If you’re of a certain age, you’ve likely run into a friendship problem that seems more grade school than grown up: Two friends in your inner circle get into some petty argument that becomes long-standing, and inevitably you’re dragged into the middle.
“It was a very precarious situation from the start,” Rogers told HuffPost. “I tried my best to stay out of it, but in the end, one of the friends actually ended up turning on me and reacquainting herself with the other friend.”
No good deed goes unpunished, especially in the messy arena of adult friendships.
Rogers’ tale of feuding friends is all too common, but there’s no real playbook for how to handle it: To intervene or stay out of it? What do you do about social events like your birthday, where you want both to attend? Have no fear, friendship feud advice is here! Below, five tips to make this sticky situation a little less stressful.
Don’t let them wrangle you into taking sides.
You might not mind playing mediator ― maybe you even relish doing so if you’ve got a bit of a savior complex. But don’t let either of your friends talk you into taking a referee role, where you’re forced to weigh in on who’s in the right and who’s in the wrong, said Marie Land, a psychologist based in Washington, D.C.
“To be clear with them, say something like, ‘I care about your feelings, but I’m not going to take sides,’” Land said. “If they aren’t getting it and are defensive, you have the right to explain how this is impacting you.”
For instance, say something like: “It kind of makes me uncomfortable to talk about X with you. Can we talk about something else? What’d you think of that new Jordan Peele movie?”
To deflect further and remind them that responsibility for the situation lies with them, Land suggests saying, “I hope that you guys can talk about it or feel better about things.”
Don’t overpersonalize the situation.
Your circle of friends ― and the state of each of those friendships ― obviously matters to you. But ultimately you’re dealing with adults who dictate how they spend their free time and with whom. They call the shots when it comes to friendships they want to invest or not, said Andrea Bonior, a psychologist and the host of Baggage Check, a live weekly chat on The Washington Post.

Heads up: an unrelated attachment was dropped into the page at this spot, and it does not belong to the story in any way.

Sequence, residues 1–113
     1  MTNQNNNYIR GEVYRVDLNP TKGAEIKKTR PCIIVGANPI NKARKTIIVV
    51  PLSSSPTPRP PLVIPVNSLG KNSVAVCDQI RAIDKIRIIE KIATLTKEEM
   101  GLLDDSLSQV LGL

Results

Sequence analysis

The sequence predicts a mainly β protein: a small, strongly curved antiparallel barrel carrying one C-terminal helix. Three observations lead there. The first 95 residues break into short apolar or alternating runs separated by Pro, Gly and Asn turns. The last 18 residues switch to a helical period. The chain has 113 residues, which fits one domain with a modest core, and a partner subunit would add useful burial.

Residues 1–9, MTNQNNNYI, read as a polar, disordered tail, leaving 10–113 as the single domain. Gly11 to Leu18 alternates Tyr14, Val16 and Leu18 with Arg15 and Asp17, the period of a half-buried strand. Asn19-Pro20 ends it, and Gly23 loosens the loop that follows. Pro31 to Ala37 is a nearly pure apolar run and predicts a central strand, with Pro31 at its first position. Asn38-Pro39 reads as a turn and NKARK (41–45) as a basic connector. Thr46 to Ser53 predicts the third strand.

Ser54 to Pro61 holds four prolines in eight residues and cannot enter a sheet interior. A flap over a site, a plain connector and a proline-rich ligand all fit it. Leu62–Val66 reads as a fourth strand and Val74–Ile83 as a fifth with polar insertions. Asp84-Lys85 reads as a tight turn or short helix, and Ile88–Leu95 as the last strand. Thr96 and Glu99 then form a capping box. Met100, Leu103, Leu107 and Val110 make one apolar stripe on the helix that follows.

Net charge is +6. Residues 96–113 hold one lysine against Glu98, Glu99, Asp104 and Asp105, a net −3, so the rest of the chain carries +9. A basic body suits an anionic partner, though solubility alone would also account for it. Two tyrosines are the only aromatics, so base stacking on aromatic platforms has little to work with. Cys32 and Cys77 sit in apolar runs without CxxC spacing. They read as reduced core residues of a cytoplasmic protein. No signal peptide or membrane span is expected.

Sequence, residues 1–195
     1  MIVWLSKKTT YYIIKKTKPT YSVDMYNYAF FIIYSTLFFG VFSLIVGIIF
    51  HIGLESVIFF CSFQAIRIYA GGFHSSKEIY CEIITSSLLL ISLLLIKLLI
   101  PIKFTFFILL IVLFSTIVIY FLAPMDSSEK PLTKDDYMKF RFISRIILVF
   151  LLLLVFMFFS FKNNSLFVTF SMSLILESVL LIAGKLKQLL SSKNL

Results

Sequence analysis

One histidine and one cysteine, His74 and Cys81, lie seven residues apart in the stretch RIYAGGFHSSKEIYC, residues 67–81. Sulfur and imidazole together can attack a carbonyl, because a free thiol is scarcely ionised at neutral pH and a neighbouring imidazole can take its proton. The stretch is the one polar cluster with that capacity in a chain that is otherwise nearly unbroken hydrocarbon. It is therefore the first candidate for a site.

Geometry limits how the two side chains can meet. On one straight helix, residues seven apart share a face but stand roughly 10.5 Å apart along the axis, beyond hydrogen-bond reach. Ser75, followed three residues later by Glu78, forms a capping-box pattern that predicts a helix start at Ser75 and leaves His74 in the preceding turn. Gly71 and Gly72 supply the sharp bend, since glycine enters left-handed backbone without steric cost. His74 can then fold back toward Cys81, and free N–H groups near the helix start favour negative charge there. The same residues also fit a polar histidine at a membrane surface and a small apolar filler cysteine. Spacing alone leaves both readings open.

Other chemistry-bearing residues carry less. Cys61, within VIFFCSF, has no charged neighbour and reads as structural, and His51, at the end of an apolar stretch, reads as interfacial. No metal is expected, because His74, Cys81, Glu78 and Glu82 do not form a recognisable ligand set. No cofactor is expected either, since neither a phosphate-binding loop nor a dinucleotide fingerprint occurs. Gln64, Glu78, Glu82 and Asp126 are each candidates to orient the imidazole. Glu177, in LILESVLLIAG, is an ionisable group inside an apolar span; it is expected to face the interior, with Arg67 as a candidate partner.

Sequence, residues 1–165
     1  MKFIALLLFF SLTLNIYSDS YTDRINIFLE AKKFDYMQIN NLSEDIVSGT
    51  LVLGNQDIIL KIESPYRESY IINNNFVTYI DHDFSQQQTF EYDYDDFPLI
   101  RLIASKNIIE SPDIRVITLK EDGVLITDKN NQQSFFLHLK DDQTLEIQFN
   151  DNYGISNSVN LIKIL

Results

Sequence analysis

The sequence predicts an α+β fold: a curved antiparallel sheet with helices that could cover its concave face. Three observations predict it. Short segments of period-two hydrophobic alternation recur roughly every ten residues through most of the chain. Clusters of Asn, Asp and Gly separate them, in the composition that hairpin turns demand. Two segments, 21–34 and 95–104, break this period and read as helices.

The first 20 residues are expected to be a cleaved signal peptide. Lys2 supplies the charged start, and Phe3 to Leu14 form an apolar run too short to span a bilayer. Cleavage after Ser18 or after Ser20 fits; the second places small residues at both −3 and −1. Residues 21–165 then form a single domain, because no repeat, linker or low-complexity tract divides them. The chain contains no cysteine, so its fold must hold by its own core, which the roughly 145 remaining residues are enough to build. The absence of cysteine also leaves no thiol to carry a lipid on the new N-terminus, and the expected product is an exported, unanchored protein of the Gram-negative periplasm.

“It’s not your job to manage other people’s conflicts, and although it can be very frustrating and stressful to have two friends fighting, remember that the more you make it about you, the more miserable you will be,” she said.
Plan ahead for shared events.
When social events roll around, hold your ground and invite whomever you damn please to your party, said Melissa S. Cohen, a psychotherapist in Westfield, New Jersey. Part of being an adult is growing out of the self-centeredness and drama of our youth. Your friends should be able to recognize when they’re not the focal point of the event. (Plus, if it’s a party setting, all the extra people there should help bring down the intensity of the scorched-earth vibes going on between them.)
“Everyone needs to rise above their own issues to focus on why they’re gathering in the first place,” Cohen said. “Maybe in advance, remind them that it takes a lot more effort to snub someone than to simply be cordial. Even if we are hurt, everyone deserves to be treated with respect.”
Cohen’s pro tip for interacting with someone you’d just as rather not? Extend the same level of politeness that you would to a stranger on the subway.
“Acknowledge their existence and then focus elsewhere,” she said.
Set healthy boundaries and rules for conversation.
Put your own peace of mind first here. Set clear boundaries with each friend to establish your role ― or really, your lack thereof ― in this feud, Rogers said.
“I recommend enforcing rules such as no negative speech about the other friend in front of you, no relaying messages between the two enemy friends and no referencing the feud in your presence,” she said.
Be willing to accept that their friendship may have run its course.
Friendships are fluid things. Sometimes, in the process of growing individually or just living our daily lives, we outgrow each other. You might get along swimmingly with both of these people, but if they no longer “click” as friends, it doesn’t need to bring additional stress into your life.
“At this point, they may have little in common except their friendship with you,” said Irene S. Levine, a psychologist and author of “Best Friends Forever: Surviving a Breakup With Your Best Friend.” “If being together as a trio gets too uncomfortable, you may need to see each of them individually from now on.”
“Of course, it’s helpful to try to clear up any misunderstandings, but pushing too much may backfire,” she said. “All you can do is reassure your two friends that, individually, their friendship with you will always be important.”